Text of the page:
10/16/2012 10:39 AM
BATON ROUGE – It has been a long time coming for former LSU student Dewey Moorman, but he has finally completed his first big project in the film industry. The LSU African American Cultural Center recently hosted an advanced screening of the film for LSU students.
Moorman wrote and directed “Lesson Before Love,” a film following the trials and tribulations of four single individuals. As an independent film, “Lesson Before Love,” has been screened at the Hollywood Black Film Festival, Peachtree International Film Festival and New York Film Festival. Awards for the film include Best Film at the 2012 Arkansas Black Film Festival and Best Drama at the 2012 San Diego Black Film Festival, and it was named one of 10 Black Films to See in 2012 by News One.
Moorman, who goes by Dui Jarrod, said although the film industry can be grueling, he was excited to premiere his project at the “place where it all began.”
“I would quit daily… I still do sometimes. The industry is tough,” Moorman said. “It’s important to learn the difference between project and purpose. There’s a continuous balancing act. Once you stop focusing on the project and learn your purpose that will help to you be satisfied within this industry.”
He said LSU helped to shape the person he has become today. “Working and learning in the Office of Multicultural Affairs not only taught me to be a good student, but also how to be a man,” Moorman said.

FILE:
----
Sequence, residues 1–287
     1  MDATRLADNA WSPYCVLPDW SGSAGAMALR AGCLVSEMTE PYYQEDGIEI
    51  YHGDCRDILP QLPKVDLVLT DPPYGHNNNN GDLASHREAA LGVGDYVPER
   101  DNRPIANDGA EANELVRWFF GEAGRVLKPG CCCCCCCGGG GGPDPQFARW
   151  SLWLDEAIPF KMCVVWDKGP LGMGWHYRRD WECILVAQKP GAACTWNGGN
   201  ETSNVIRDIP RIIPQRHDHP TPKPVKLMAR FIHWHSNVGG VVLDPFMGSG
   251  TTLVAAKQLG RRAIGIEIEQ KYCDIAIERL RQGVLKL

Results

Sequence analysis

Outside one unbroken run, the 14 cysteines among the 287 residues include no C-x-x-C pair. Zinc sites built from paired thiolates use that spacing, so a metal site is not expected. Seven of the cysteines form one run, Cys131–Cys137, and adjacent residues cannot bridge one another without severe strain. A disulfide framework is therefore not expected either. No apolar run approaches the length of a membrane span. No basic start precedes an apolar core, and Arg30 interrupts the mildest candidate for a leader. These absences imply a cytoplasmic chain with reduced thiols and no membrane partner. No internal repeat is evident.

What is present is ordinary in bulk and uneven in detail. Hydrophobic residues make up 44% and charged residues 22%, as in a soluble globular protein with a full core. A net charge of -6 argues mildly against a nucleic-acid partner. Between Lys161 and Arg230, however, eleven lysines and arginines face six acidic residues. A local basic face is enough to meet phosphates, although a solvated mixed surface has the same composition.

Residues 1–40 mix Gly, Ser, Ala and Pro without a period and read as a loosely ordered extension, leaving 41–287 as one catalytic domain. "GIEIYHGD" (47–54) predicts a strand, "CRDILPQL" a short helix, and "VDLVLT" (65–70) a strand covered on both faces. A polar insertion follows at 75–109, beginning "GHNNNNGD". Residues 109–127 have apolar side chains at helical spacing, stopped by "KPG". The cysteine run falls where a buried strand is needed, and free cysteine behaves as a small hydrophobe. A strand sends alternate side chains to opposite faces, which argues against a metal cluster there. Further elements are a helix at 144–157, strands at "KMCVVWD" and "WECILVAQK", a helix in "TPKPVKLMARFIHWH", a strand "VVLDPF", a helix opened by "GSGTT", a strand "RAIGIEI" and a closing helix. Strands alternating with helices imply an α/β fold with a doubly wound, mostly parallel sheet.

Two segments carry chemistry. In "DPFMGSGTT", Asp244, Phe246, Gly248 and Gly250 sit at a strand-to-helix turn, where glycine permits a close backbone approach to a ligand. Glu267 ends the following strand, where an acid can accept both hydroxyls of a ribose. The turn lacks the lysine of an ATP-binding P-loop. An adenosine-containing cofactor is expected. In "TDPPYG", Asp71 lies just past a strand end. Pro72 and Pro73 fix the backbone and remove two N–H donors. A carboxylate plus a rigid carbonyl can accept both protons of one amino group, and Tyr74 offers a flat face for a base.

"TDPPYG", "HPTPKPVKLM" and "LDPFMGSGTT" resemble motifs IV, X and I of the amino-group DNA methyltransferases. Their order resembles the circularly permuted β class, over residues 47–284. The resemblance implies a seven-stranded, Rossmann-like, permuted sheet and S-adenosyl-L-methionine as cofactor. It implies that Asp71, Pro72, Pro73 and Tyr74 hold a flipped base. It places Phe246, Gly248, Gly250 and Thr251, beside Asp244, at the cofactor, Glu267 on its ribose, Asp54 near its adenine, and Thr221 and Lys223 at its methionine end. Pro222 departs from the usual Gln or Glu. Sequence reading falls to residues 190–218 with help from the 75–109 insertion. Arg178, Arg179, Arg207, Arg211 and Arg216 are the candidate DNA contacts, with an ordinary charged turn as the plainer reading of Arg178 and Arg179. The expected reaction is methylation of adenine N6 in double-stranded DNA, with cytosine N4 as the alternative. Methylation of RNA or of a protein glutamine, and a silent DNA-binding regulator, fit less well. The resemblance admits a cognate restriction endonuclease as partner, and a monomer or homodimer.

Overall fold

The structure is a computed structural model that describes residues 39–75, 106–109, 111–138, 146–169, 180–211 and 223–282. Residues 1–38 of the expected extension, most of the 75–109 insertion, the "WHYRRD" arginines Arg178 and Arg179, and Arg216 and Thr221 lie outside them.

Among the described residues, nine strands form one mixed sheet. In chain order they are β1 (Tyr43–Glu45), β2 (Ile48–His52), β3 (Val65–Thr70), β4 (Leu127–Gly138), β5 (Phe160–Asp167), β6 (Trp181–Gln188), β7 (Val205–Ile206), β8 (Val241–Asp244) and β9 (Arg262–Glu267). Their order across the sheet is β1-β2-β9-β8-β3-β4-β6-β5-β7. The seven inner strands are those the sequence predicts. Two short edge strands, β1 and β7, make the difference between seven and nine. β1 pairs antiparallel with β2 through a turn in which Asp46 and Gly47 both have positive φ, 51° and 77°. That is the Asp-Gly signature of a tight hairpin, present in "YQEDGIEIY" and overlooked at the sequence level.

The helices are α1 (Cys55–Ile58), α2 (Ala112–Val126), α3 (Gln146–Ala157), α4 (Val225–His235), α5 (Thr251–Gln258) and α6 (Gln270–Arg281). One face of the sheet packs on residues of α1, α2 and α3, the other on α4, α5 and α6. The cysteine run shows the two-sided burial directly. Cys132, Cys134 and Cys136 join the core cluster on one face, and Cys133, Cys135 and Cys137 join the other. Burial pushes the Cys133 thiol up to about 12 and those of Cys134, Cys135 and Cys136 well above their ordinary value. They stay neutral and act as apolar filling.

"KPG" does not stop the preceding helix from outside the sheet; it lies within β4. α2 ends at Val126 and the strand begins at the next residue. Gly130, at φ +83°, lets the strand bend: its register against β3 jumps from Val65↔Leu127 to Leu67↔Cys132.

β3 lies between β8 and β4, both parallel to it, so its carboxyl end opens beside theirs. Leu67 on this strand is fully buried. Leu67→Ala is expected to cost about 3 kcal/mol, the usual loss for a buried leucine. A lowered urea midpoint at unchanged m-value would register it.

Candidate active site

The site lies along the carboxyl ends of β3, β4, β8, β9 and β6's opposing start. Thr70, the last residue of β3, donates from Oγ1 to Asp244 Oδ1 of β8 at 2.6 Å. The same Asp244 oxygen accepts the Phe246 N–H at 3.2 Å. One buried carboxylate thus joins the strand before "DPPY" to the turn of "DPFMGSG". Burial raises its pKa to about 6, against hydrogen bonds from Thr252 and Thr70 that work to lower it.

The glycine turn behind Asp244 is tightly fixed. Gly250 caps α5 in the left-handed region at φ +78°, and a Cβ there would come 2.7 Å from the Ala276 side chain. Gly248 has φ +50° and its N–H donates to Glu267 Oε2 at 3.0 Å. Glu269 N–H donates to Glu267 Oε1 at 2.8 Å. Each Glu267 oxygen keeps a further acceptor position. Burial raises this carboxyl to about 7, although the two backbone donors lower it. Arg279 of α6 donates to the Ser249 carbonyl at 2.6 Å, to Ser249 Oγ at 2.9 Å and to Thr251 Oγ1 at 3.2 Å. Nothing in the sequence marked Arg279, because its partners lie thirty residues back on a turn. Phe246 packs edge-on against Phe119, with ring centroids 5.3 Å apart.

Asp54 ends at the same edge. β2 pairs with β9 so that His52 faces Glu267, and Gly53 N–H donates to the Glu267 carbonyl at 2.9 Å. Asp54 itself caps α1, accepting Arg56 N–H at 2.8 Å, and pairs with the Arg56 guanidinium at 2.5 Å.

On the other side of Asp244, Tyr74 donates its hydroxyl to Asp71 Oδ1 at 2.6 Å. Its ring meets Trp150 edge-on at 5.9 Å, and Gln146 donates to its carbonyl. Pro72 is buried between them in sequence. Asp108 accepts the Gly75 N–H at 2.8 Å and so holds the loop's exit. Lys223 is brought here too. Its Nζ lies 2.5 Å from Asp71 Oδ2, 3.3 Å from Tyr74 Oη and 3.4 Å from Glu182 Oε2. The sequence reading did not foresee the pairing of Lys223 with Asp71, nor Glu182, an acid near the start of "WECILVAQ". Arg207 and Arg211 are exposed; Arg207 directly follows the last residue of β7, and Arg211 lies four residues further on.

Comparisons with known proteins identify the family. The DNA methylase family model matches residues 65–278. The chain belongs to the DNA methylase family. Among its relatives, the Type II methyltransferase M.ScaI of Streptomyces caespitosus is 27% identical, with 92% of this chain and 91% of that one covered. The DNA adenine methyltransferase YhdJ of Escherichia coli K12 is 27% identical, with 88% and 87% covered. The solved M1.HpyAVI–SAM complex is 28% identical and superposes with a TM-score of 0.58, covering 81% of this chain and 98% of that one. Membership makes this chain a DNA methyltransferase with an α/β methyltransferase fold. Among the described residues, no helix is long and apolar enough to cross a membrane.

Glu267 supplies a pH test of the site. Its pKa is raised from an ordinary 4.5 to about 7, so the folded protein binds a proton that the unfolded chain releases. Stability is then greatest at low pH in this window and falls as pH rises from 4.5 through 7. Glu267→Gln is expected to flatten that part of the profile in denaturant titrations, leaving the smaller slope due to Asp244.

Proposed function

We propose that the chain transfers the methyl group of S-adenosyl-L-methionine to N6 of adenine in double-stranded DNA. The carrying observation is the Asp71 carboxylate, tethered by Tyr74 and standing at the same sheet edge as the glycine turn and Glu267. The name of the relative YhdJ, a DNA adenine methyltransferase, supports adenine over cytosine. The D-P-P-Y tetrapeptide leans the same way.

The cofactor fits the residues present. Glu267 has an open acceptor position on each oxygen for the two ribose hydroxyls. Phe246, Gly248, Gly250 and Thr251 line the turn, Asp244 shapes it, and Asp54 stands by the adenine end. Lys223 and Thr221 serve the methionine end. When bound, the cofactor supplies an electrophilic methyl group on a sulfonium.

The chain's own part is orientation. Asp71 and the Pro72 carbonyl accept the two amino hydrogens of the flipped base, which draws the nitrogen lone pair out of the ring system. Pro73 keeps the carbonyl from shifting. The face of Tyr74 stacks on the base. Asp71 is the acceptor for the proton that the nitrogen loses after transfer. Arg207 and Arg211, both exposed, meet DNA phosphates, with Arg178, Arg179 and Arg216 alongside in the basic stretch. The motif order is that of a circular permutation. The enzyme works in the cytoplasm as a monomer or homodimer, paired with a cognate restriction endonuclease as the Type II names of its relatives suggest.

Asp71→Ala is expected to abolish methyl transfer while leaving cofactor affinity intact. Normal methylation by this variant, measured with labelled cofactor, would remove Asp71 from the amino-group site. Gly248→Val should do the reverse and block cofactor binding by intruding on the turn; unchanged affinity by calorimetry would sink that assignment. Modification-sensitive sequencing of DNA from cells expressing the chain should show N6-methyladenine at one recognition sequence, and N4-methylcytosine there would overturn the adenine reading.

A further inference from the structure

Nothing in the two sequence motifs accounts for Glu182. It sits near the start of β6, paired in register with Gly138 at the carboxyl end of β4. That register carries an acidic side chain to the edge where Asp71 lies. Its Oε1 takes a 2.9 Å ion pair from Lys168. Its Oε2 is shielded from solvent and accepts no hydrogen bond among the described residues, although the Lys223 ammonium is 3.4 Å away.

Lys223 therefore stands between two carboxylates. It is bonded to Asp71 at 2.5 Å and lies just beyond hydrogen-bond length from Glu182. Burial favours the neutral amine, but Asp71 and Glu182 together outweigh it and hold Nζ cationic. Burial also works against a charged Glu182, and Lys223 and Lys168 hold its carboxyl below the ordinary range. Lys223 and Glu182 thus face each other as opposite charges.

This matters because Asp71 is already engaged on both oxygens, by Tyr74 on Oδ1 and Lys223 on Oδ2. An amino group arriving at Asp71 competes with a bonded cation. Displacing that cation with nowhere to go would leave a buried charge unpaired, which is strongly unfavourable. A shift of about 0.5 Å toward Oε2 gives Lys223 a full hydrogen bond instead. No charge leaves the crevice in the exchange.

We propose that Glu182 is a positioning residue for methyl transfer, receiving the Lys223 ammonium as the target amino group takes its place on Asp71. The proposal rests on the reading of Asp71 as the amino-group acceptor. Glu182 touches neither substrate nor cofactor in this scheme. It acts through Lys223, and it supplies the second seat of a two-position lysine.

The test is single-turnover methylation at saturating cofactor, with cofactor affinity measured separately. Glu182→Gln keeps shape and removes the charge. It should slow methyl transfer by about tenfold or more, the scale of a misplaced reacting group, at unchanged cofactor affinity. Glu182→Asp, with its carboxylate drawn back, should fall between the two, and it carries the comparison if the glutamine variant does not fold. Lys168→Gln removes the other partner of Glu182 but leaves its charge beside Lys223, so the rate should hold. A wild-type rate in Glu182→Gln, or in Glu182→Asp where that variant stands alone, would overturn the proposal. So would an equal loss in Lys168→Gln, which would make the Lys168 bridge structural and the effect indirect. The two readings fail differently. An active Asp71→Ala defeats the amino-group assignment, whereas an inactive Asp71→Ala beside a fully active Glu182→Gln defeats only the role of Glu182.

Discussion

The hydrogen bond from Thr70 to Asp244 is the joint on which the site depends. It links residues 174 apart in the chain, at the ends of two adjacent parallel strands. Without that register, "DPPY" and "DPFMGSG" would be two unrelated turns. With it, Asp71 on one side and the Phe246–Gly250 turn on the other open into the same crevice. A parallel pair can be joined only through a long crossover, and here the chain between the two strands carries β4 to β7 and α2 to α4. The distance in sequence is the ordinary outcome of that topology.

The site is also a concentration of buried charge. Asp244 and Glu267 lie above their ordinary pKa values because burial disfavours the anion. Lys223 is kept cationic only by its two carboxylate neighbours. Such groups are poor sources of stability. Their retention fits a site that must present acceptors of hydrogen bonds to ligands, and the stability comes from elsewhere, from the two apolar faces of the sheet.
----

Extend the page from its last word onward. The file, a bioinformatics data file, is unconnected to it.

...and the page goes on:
“Lesson Before Love” recently opened in select theatres in Dallas, Chicago, Atlanta and Houston. Moorman hopes to open in more theatres nationwide this year.
“Having one of our own come back to share not only the stories of his success, but also hearing about the trials that he has endured in the film industry is both inspiring and motivating,” said LaKeitha Poole, coordinator for African American Student Affairs. “Dui’s willingness to be transparent with current students about his journey and giving us the opportunity to view his first feature film is nothing short of true Tiger pride.”
The screening was the first of many events that the African American Cultural Center will host this academic year centered on the arts. For more information, please contact Poole at firstname.lastname@example.org or 225-578-1627.
Posted on Tuesday, October 16, 2012